With shows like Game of Thrones and Breaking Bad commanding everyone's attention with their shocking twists and incredible characters, it is becoming increasingly evident that TV reigns supreme as the go-to medium for superior storytelling. Most high-profile movies aim to wow, but they usually go about it in the wrong way. They'll hire perfect 10s and hunky meatheads, blow a bunch of shit up, throw in skeletal plot lines and shitty dialogue that even a four-year-old could whip up, and shove it down viewers throats while screaming, “Love me because I'm beautiful!” And yes, I just described almost every Michael Bay movie. But that's usually how it goes down, and that's a damn shame. Television shows like the aforementioned titles repeatedly prove that engaging characters and raw emotion snag the ratings and the fans, while effects and a cast of all beautiful people should come second.
Don't get me wrong. I love movies, and will probably never kick my habit of attending Thursday night showings of any flick I anticipate will be fun, even if I'm the only person among an audience of crickets. Several releases from the past two months (Dawn of the Planet of the Apes and Guardians of the Galaxy being the big two) have coaxed me out of my apartment and into a comfy, slightly moth-eaten theater seat, cheerfully reminding me that movies can still be amazing AND have a ridiculous budget. But even as I'm enjoying these flashy, fun, star-studded pictures, I can't shake off the feeling that it's unnecessary. Yes, Guardians of the Galaxy was a shitload of fun and I've seen it four times. And sure, some TV shows fall into this same trap and only have stunningly beautiful yet criminally shitty actors and actresses. However, it isn't nearly as common and nowhere close to as blatant or in your face.
Whereas movies usually have a budgetary advantage, TV shows have an even better asset: time. The very structure of one season of a television show allows for much more character development, suspense, and, most importantly, margin of error. If a director screws up a two-hour movie and it bombs at the box office, that sucks for them. The director will have to lick his wounds, maybe disappear for a while, and try again when he's ready.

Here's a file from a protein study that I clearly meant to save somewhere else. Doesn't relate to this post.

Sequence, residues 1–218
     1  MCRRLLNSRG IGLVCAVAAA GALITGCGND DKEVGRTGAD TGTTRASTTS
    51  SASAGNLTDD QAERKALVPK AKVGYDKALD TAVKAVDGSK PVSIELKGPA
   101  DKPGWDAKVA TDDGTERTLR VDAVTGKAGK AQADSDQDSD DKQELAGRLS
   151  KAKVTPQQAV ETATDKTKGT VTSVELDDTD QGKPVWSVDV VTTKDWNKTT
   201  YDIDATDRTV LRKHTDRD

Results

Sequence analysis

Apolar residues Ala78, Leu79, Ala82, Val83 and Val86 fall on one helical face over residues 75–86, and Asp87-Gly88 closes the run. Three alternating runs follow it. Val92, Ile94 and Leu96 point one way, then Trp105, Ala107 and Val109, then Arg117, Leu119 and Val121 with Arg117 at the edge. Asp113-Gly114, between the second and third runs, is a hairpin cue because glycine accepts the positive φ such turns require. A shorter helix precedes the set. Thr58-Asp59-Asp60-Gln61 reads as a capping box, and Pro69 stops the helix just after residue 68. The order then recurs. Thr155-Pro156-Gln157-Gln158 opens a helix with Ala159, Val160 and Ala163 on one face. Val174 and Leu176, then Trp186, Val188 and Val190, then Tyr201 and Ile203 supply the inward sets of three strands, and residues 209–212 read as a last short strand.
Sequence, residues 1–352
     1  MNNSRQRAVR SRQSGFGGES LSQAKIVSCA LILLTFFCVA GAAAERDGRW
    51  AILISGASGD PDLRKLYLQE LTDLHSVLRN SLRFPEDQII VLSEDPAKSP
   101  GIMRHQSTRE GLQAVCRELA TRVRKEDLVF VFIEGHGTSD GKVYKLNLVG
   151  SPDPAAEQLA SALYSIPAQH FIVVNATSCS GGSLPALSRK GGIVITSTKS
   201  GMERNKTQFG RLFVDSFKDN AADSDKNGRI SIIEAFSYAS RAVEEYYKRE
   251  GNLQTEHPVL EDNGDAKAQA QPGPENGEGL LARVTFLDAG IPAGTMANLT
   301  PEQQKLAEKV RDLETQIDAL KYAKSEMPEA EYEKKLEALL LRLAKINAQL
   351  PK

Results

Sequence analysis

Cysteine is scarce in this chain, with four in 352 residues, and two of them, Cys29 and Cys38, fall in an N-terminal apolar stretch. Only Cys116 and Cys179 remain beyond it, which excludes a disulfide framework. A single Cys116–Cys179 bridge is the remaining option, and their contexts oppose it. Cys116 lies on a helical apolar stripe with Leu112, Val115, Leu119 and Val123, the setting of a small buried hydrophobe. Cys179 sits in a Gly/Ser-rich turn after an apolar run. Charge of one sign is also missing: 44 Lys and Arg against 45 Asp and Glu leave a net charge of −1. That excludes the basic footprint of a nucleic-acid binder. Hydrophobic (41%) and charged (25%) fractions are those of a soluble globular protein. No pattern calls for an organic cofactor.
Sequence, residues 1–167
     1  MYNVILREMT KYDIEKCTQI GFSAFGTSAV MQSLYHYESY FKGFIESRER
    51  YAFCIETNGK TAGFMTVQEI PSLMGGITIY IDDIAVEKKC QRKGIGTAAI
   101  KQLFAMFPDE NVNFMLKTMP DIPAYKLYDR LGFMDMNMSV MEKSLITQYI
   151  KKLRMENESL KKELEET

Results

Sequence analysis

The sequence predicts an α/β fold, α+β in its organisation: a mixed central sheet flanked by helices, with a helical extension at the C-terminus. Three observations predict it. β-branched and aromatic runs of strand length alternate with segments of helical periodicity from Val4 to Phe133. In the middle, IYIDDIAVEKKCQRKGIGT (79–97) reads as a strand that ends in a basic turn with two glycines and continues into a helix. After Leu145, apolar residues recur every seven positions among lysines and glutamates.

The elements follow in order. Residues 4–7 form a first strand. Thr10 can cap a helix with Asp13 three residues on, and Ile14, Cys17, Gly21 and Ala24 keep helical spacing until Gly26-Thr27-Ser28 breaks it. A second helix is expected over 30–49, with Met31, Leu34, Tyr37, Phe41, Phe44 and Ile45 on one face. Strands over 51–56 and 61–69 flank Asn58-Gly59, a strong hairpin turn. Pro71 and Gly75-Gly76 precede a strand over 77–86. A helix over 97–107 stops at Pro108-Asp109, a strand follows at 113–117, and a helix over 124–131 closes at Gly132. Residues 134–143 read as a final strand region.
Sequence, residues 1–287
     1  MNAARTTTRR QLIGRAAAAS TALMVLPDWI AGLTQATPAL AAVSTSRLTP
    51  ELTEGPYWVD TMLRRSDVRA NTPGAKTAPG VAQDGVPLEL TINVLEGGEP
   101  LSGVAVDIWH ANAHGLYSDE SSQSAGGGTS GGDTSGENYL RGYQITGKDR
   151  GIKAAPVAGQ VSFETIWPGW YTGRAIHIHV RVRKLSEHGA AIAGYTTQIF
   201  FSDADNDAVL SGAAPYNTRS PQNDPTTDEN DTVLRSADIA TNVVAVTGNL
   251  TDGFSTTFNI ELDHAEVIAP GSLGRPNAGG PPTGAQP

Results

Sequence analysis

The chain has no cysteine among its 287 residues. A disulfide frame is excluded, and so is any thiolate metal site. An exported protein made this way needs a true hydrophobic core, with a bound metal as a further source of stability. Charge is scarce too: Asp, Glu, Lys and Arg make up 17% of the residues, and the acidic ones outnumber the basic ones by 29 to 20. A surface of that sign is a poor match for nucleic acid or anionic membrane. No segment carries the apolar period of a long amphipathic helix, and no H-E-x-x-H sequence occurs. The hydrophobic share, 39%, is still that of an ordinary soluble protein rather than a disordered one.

With TV shows, the game changes completely. Say your show has been picked up for a 22 episode season by a popular network and the first handful of episodes just plain blow. Ratings may plummet and scathing criticisms may be thrown around, but you still have time pick up the pieces and save the show. Marvel's Agents of S.H.I.E.L.D. immediately comes to mind as a perfect example of how quickly a show can get its shit together. The pilot and most of the following episodes lacked excitement and emotional investment, resulting in a show that could have been over before it really even started. Then Captain America: The Winter Soldier stormed into theaters and shocked viewers with its devastating repercussions, repercussions that carried over into Agents of S.H.I.E.L.D. With these consequences came interesting new story arcs for the show's most disappointing characters (lookin' at you, Agent Ward) and bold new twists that basically forced audiences to tune in every week. Every episode after that delivered the energy and excitement the show so desperately needed, even throwing in some emotional weight to balance out the sometimes mindless action.
And on top of all of that, TV shows are becoming more fun for me. I love the weekly cliffhangers and the excited, sometimes fan-girly (yeah, dudes can fan-girl) discussions that inevitably follow, and I love the gradual build to the season finale. Now, my excitement for watching a season or series finale in my living room rivals and sometimes surpasses the excitement I feel towards attending a big blockbuster premiere in a theater full of sweaty people who reek of popcorn and cheaply manufactured butter.
Anyway, I think I've made my point clear. TV, keep up the great work. Movies, step up your game.